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What interested you in architecture? Again, everyone has a story.
For me, it was industrial design pertaining to transportation (cars - especially dashboards, ships, and aircraft). I drew them constantly. In terms of buildings, I was bowled over by great movie houses, both older and newer, homes, and enclosed malls, not so much for the quality of the architecture, but for the commingling of functions and identifiable nodes (atria, etc.)
In a vocational test given in middle school, I scored highest on arch. and civ. eng. I wasn't particularly inspired in high school, but still did well, and took the "go home after lunch" option senior year. That meant I reneged on 4th year math and physics, and then felt I would be unprepared for architecture. I had to pick an easier major, and February of senior year of HS I'm sitting there thinking "WTF am I going to major in?" Well, for round one, it wasn't architecture.
I've always had a penchant for the creative and analytical sides of things, and I grew up in Columbus, Indiana. I don't think I had a choice.
Haha. I see. What a compendium of buildings! Pluses: the city hall with the opposing cantilevered "beams" (*) and the heavily glazed Cummins office building. Minuses: that Protestant church with the really tall needle. There are others, but those are the ones that come to mind. It was one hell of a hot and humid summer day.
Fate. And genetics.
Because I liked getting screwed without being kissed.
Oh no, wait, that was my inside voice. My outside voice says that I was interested in engineering (rational), because of my dad but also had artistic (non rational) proclivities. Hence Architecture.
... the prospect of great power, the respect of my fellow man, and huge earnings potential ...
please, no more lego stories, please, god.
my path towards architecture stems from this little television show in the 70s, perhaps you've heard of it, Brady Bunch?
seriously though, i was in a serious bike accident as a 10 year old, pedal gutted me, and i came pretty close to dying. after that sordid incident, my scout troop was visiting an architects office, and i fell in love with the drawings.
so, accidents and incidents, well, that and my shear lunacy, is what drove me to this life.
For me, two paths diverged in a wood, and I took the one I was accepted for...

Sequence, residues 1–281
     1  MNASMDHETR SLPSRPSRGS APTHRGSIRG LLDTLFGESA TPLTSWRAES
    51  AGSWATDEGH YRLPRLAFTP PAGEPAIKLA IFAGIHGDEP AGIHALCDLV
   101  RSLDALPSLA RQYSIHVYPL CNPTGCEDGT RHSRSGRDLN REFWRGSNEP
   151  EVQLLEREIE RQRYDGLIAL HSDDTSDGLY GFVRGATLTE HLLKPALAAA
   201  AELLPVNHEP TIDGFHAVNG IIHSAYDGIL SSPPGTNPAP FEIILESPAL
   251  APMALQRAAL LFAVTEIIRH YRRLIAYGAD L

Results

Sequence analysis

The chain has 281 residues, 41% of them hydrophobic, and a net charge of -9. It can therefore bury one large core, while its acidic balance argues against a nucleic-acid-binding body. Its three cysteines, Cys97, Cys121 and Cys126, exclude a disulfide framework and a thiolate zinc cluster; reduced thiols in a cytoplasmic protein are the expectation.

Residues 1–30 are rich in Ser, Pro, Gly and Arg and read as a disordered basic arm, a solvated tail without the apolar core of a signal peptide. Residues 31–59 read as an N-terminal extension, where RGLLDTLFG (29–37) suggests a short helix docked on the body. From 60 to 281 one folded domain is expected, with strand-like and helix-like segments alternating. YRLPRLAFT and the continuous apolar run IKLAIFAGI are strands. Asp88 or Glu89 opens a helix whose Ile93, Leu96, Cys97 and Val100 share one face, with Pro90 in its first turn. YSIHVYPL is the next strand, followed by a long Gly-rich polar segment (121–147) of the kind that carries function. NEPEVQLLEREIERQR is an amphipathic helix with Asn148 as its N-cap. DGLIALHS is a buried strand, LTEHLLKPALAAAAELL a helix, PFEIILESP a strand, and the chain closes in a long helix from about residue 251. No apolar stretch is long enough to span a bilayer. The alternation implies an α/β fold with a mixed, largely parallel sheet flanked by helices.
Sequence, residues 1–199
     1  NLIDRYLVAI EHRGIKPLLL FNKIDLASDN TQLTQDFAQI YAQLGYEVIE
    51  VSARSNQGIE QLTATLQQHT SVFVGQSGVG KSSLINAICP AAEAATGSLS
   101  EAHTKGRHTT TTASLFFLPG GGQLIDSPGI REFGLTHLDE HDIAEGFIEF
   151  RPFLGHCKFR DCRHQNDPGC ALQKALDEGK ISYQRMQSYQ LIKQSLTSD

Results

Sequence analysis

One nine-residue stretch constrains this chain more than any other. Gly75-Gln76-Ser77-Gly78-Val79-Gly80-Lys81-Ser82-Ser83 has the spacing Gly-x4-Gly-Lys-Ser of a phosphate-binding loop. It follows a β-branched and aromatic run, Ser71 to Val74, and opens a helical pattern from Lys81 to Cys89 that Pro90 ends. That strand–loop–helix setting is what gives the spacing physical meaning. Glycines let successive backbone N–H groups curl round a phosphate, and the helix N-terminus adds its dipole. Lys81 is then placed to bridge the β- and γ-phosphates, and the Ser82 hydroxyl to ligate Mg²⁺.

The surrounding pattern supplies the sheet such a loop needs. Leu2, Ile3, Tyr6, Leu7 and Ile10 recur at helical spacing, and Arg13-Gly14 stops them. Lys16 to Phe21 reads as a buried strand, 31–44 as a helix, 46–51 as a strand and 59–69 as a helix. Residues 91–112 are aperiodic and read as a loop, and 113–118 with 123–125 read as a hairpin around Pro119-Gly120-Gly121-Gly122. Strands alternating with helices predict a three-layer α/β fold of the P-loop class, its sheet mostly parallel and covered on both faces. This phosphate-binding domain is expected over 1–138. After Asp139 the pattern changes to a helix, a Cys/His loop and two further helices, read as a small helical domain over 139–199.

I use to draw floor plans as a kid, went to high school, graduated and worked in the real world at a retail job selling electronic components. Found out that electronics engineering kids were to dumb and were getting me to do their work for them, so I ruled out ever doing that. Got offered manager with my own store after 3 years working there and decided I didn't want to cap out at that so I decided to go to university. Then at university I wanted to be a doctor, you know to be helpful to people, bio and chem didn't like me as much. So I changed my major to urban studies and learned all about planning, cities, some law, and politics. Decided that I liked law and architecture both, applied for law (yes i wrote the LSAT, fun test it was) and architectural technologies. Got into architectural technologies, passed with 4.0 so I thought hey maybe I'm good at this architecture thing, the tech side least wise. But I still wanted to tie in my urban studies so I applied for three programs, first choice urban design, second architecture and backup teaching (I had found through my courses that I enjoyed teaching and thought I'd toss my hat in that ring too as it were). So the university I applied to (university of Calgary) dropped urban design right after I applied, and I didn't get into architecture right away (wait listed) but I did get into teaching. I was all set to start learning to be a teacher and then I got the call that they had a spot for my in the mast of architecture program, so like any sensible person I dropped teaching and went into architecture, three years later I graduated with my M. Arch and haven't got an internship yet. I have my own company but really, I'd like some experience at a firm, it's only been two years since then. Some days I think I should have stayed in teaching.